Washington. New at Ancestry.com is Washington, Episcopal Diocese of Spokane Church Records, 1870-1947. According to the site, “This collection includes baptism, confirmation, marriage, and death records from the Episcopal Diocese of Spokane between the years of 1870 and 1947. Established in the mid-1860s, the Episcopal Diocese of Spokane is comprised of 38 congregations and covers all of Washington State east of the Cascade Range, as well as the northern Idaho panhandle.”

West Virginia. Another of the Genealogy Giants, subscription site MyHeritage.com, has published West Virginia Death Index & Certificates, 1853-1964 with more than 5 million records. According to the site, “West Virginia death records between 1853 and 1964 include name, gender, date of death, age of death, and often other important information such as marital status, birth date, burial date, cemetery where interred, and details about the decedent’s occupation, spouse, father, and mother. The associated images in this collection, including copies of state-issued death certificates, should be examined to discover other information not present in the index. This index and images are provided by the West Virginia Division of Culture and History.”

Note: Many West Virginia vital records are free to explore here and are an incredibly rich resource, but the search interface is very limited AND it doesn’t include all data for all counties. According to the site, “Death records in West Virginia are withheld from the public for 50 years from the date of issuance but all extant state death certificates for individuals from all 55 counties dating from 1917 through 1964 are available. Additional records extending the collection from 1964 will be added as they become available.”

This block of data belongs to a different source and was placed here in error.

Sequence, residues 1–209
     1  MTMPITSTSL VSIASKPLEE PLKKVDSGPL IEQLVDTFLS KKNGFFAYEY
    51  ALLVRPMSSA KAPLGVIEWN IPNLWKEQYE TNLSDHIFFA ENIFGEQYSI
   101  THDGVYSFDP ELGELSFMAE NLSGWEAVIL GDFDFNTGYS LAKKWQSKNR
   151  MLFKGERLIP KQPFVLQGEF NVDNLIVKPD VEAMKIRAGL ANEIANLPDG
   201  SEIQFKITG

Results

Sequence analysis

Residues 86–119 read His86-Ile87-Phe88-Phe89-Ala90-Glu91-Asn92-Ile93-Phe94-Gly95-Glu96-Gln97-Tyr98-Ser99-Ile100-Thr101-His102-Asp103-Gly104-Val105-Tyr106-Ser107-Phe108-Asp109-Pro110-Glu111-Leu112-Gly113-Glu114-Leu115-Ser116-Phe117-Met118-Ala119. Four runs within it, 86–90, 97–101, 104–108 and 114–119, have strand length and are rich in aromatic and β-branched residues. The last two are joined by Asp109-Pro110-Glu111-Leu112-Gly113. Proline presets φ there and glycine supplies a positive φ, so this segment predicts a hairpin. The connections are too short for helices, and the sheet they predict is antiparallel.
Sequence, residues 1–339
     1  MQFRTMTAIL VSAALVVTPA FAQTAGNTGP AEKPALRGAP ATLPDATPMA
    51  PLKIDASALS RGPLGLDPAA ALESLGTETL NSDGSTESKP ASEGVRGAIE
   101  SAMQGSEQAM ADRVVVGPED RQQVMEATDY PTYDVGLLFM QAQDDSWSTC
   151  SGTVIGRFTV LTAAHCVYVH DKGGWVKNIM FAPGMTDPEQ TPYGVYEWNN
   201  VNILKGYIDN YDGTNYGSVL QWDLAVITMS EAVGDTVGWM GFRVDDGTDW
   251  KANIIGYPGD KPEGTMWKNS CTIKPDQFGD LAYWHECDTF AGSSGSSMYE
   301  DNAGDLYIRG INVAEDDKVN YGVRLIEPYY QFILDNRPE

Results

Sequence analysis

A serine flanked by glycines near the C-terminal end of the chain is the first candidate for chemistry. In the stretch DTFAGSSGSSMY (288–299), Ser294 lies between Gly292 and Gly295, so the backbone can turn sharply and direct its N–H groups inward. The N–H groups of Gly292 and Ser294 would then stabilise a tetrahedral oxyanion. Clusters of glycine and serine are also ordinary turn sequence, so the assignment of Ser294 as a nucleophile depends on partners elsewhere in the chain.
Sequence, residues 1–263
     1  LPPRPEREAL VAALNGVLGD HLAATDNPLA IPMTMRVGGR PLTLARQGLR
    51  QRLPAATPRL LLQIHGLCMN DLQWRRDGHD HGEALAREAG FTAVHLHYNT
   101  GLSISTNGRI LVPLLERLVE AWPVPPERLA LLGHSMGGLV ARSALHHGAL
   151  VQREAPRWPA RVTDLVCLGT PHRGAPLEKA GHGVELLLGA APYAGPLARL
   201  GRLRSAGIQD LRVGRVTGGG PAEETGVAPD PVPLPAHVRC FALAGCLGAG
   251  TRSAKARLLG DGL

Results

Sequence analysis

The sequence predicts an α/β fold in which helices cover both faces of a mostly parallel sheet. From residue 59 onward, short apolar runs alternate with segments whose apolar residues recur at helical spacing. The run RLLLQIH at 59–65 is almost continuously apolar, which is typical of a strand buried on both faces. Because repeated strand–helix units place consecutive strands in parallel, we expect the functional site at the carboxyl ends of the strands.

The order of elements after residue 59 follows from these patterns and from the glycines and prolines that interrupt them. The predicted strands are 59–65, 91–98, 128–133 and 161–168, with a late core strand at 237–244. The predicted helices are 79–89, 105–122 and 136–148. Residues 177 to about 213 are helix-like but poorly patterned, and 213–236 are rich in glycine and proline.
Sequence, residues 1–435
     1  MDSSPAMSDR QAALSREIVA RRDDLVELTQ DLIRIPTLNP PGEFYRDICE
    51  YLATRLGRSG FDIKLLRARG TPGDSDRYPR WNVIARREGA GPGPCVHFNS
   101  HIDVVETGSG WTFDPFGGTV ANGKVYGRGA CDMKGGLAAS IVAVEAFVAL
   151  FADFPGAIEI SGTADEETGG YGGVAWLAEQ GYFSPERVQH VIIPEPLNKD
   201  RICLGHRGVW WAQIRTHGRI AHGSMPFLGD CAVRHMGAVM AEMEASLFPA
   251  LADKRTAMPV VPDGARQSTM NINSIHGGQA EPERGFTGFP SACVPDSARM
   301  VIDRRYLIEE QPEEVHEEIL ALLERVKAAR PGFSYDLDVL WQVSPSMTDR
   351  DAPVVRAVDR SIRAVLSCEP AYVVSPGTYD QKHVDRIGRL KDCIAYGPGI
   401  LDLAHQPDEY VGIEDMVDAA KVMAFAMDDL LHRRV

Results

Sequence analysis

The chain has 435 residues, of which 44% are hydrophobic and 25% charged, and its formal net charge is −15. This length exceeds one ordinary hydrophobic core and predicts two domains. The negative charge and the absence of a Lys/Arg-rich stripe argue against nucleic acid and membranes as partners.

Even more US genealogy gems

If you’re a Genealogy Gems Premium eLearning member, you can listen to Lisa Louise Cooke’s new interview with Genealogy Giants guru Sunny Morton on an unexpected source for US newspaper content. This conversation is in Genealogy Gems Premium Podcast episode #160. Learn about millions of newspaper pages you may already have access to–and get step-by-step instructions for how to access it. Think you’d like to join our Premium eLearning community? Click here for more info.

About the Author: Sunny Morton

About the Author: Sunny Morton

Sunny is a Contributing Editor at Lisa Louise Cooke’s Genealogy Gems; her voice is often heard on the Genealogy Gems Podcast and Premium Podcasts. She’s  known for her expertise on the world’s biggest family history websites (she’s the author of Genealogy Giants: Comparing the 4 Major Websites); writing personal and family histories (she also wrote Story of My Life: A Workbook for Preserving Your Legacy); and sharing her favorite reads for the Genealogy Gems Book Club.

Disclosure: This article contains affiliate links and Genealogy Gems will be compensated if you make a purchase after clicking on these links (at no additional cost to you). Thank you for supporting Genealogy Gems!

New York Genealogy Records and More

Work on your New York genealogy research with these new naturalization and marriage license records. Also: WWII draft registrations; family history records for AL, ID, KS, KY, LA, OH, VA; and records from Australia, Canada (including a mapped-out photo archive of Toronto streets), Denmark, Italy, Portugal, and Sweden.

Welcome to our weekly roundup of new and updated genealogy records online. Most of this week’s images come from Genealogy Giants Ancestry.com and the free FamilySearch.org, but there are few additional sites represented here, too! Happy researching!

Featured: New York genealogy records

Over three-quarters of a million indexed records have been added to New York, Southern District, U.S District Court Naturalization Records, 1824-1946. New York research is challenging for many reasons, not least among them limited access to vital records for your transient and immigrant ancestors in this state. Naturalization records are also typically difficult to find, as your ancestors in certain time periods could submit paperwork in any court they pleased. So this is a great collection! Let us know if you find any ancestors in this collection. We love hearing about your successes.